Ben’s Cat headlines Penn Mile undercard
Ben’s Cat wins the Jim McKay Turf Sprint. Photo by Laurie Asseo.
by Frank Vespe
If Father Time is going to run down Ben’s Cat — and he eventually does catch up to all of us — it’s apparently not quite yet.
The 10-year-old Parker’s Storm Cat gelding surged late to win the $100,000 Jim McKay Turf Sprint two weeks ago at Pimlico, and he has been installed as the 8-5 morning line favorite in Saturday’s $150,000 Pennsylvania Governor’s Cup at Penn National, one of three stakes supporting the Grade 3 Penn Mile. It will go as race two with a post time of 6:35.
The McKay victory was Ben’s Cat’s fourth consecutive triumph in that race and fifth in the last six years. He earned a Beyer speed figure of 101 for the win, marking the fifth consecutive year he has registered at least one triple-digit Beyer. Bred, owned, and trained by King Leatherbury, Ben’s Cat now has 32 wins from 55 career starts, with earnings of nearly $2.6 million.
If there’s bad news for Ben’s Cat, who will have Trevor McCarthy in the irons, it’s that he’s a horse who likes to have something to chase and this is a race light on early speed types.
The likely speed here will be Alan Goldberg trainee Pool Winner (part of entry, 5-1), who has been first or second in all 10 of his turf sprints. The Broken Vow gelding made his first start of the season with a head score over allowance/optional claiming types at Laurel, and one of three to run back has won. Look for jockey Joel Rosario to try to get to the front and take the field as far as he can.
Another runner who has, at times, shown speed but figures more likely to stalk here is Spring to the Sky (3-1). The Bruce Brown-trained Langfuhr gelding — another old-timer at age seven — has earned more than $400,000 sprinting on the lawn and narrowly missed defeating Ben’s Cat in the McKay, finishing second by a neck. It was the second time that pair had run one-two in the event. Mike Luzzi will ride.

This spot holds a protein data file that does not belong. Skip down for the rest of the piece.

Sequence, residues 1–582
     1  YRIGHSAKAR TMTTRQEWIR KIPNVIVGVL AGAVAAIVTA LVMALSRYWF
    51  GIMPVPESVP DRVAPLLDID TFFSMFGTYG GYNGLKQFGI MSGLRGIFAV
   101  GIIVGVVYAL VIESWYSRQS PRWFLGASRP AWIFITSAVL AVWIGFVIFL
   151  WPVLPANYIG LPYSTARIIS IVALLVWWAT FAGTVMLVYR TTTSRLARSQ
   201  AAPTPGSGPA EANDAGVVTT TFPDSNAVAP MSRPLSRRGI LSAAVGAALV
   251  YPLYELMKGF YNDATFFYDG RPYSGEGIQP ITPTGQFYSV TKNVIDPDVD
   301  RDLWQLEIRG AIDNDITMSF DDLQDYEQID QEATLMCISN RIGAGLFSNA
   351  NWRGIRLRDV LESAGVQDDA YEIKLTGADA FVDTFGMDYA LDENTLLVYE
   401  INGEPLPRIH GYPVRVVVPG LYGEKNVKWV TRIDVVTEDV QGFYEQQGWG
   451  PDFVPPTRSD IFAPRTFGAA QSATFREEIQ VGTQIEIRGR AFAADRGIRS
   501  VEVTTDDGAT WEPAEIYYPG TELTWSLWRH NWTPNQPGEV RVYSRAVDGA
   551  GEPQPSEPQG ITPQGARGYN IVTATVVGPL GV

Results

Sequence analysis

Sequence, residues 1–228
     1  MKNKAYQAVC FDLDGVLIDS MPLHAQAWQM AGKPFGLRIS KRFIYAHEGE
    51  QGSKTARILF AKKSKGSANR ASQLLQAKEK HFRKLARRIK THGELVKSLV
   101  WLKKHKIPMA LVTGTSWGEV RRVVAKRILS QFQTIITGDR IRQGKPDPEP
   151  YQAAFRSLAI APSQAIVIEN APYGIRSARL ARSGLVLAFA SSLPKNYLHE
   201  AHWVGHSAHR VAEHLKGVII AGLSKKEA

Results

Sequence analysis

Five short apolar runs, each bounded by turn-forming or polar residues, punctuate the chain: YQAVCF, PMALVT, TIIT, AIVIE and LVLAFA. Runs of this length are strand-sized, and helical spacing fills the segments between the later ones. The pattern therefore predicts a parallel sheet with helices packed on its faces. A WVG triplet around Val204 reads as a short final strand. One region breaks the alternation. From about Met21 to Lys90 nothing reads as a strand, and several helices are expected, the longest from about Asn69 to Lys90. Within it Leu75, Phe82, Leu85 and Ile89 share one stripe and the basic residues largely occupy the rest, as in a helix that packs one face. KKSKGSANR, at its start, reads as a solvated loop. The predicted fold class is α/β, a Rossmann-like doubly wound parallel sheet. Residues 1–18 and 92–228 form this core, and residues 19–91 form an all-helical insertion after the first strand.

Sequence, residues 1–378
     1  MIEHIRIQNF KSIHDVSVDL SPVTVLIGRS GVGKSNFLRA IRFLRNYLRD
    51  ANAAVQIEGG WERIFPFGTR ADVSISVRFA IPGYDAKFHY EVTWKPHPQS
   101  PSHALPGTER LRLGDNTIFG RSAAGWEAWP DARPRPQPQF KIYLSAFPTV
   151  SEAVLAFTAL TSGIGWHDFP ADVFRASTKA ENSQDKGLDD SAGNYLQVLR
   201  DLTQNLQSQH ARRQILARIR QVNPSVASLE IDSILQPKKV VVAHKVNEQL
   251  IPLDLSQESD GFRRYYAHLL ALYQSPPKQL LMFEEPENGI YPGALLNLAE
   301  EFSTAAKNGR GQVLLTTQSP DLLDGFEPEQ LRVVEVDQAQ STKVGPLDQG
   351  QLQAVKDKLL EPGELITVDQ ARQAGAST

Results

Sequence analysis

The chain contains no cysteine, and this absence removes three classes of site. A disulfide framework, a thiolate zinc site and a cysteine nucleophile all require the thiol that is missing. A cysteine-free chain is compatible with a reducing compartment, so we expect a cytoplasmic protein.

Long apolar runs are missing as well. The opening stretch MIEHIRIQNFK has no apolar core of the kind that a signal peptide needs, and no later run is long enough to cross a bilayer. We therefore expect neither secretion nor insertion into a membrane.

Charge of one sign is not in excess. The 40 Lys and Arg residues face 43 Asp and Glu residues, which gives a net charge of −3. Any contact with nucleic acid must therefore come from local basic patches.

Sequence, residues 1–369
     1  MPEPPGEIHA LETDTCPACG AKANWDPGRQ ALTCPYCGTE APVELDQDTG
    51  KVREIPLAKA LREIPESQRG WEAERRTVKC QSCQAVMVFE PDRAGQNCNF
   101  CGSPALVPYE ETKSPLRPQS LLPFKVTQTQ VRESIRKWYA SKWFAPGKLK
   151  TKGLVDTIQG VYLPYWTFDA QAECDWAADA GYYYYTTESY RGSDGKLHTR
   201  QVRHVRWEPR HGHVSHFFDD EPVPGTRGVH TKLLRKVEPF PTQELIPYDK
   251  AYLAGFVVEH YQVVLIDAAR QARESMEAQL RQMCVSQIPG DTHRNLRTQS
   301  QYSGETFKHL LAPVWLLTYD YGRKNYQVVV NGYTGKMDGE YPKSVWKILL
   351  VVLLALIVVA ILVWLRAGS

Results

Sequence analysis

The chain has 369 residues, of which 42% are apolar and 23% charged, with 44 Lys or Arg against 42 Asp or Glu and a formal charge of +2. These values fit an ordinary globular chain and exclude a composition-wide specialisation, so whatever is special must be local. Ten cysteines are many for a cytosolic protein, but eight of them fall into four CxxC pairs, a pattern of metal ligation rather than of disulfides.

Cyclogenisis (4-1) began his career like he would go on to big things, winning at first asking and following that up with an easy win in the 2014 Laurel Futurity. But he’s made just four starts since — none since October 2015 — with only a single win. He ran well despite traffic troubles when fourth in the Quick Call at Saratoga last August but then was last as the favorite in the Grade 1 Nearctic at Woodbine. Javier Castellano will ride the George Weaver trainee in his first start of 2016.
In the day’s lid-lifter, the $200,000 Penn Oaks, Pricedtoperfection is the 9-5 favorite on the strength of her win in the Grade 3 Sweetest Chant at Gulfstream in January. But that race didn’t produce a single next-out winner from 10 to run back, and you have good reason to look elsewhere rather than taking short odds on a horse whose overall credentials are similar to many in here — even if she is trained by Chad Brown.
For example, Todd Pletcher trainee Sweet Victory (5-2) took the $75,000 Honey Ryder at Gulfstream last out and has won three of five career starts. Conquest Serenade (9-2), trained by Mark Casse, has won two of three and makes her first start on the grass — a surface on which half-sister Millennia won a stake and over $260,000. And perhaps most interesting of all, Jonathan Sheppard trainee Outsider Art (6-1) ran poorly last out, in the Grade 3 Edgewood, but one race prior gave a stellar effort when third, beaten just 1 1/4 lengths, behind Catch a Glimpse — favored in the Grade 3 Penn Mile against the boys — in the Grade 3 Appalachian at Keeneland.
Just five runners are scheduled to face the starter in the $200,000 Mountainview Handicap for three-year-olds and up in race three (post time 7:05). Pletcher’s Red Rifle (8-5) is favored despite not having run on conventional dirt in over a year or won on it since 2014. Top rivals here include Mike Maker trainee S’maverlous (2-1), who won the Grade 2 New Orleans before running fifth in the Charles Town Classic; and Shug McGaughey’s improving son of Curlin, Top Billing (3-1). And if it rains, give a look to Edge of Reality (5-1), who’s won four of seven starts on off tracks.
An all-stakes pick four begins with the evening’s first race.